Fees are related to the costs and enforcement requirements that are determined following consultation. In all-day zones, fees are currently £60 for one permit and a second permit costs £110. In zones that only operate for an hour or so, the fees currently cost £30 for one permit and £55 for a second. These fees compare well with private parking which is typically around £1,500 to £2,500 annually.
3. Are permits linked to car registration numbers or are they freely transferable by the house owner?
Permits are issued to specific vehicles to prevent misuse.
4. Would I be able to park outside my house?
Permit parking prioritises parking for people who occupy local addresses, so if your road is affected by commuter parking then a Permit Zone makes it more likely that you would find parking close to your house. Permits prevent parking by non-residents who could park elsewhere (for example, in dedicated car parks).
5. If I have a permit would I be able to park my vehicle in any available “permit only” parking bay?
This depends on the size of any Permit Zones that are created. Permits would only be eligible within one Zone, but each zone tends to be fairly large to allow permit-holders to park easily.
6. Would the new measures prevent school drop offs / pickups?
If drivers are delivering or if parents stay with their vehicle they would be unlikely to contravene the restrictions but enforcement is usually tailored to the local situation, so for example enforcement officers typically focus on problem parking such as obstruction of school ‘keep clear’ zigzags or parking across driveways.
7. Where can local business staff park?
All-day parking options are available in off-street car parks in most town and village centres. You can find details here or on many popular websites and apps: www.threerivers.gov.uk/carparks. We provide paid long-stay parking (Long Stay Visitor Permits) through annual season tickets in Chorleywood and Croxley Green - apply here.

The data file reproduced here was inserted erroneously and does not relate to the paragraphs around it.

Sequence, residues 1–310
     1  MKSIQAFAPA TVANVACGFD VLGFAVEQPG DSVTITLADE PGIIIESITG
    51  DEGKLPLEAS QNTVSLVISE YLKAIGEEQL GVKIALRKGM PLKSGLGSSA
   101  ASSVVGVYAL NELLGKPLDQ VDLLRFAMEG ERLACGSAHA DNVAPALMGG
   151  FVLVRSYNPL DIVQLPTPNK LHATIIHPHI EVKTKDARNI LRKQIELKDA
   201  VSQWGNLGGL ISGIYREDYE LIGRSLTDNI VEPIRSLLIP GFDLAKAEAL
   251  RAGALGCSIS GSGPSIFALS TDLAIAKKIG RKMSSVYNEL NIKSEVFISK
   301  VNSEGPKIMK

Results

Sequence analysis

8. What about home deliveries or regular visits from Health visitors or Carers?
Permit parking controls are intended to make parking easier for local people. They allow permit holders and their visitors to park in parking bays. There are a variety of different parking options to enable legitimate parking to take place.
For example most healthcare firms regularly use ‘Health Visitor permits’ that enable them to park in any Permit Zone. Where yellow lines (called ‘waiting restrictions’) are in place, vehicles must not be parked but could load or unload.
9. What would be done to assist commuters who want to park near to a station or other destination?
Private parking is available at rail stations and any proposed scheme will include consideration of charged commuter parking (i.e. on-street pay-and-display) at locations where it does not disadvantage local residents.
In some cases, other options are available, to enable local businesses to use permits to park their vehicles in nearby car parks, or to provide long-stay parking through special permits, where available parking capacity is underused.
10. How is the number of parking bays related to the number of permits issued?
The number of permits issued is not related to the parking capacity of local streets. Permit holders can park anywhere in a Zone (not only in the street they live in) and the introduction of a Permit Parking Zone increases parking space for resident permit holders by reducing parking by non-residents.
Parking demand for permit holders is typically lower during the daytime (when Permit Zones operate) and is expected to rise and fall around the Zone, as people move around during the day.
11. Within the permit parking zone would there be any “unrestricted parking” areas?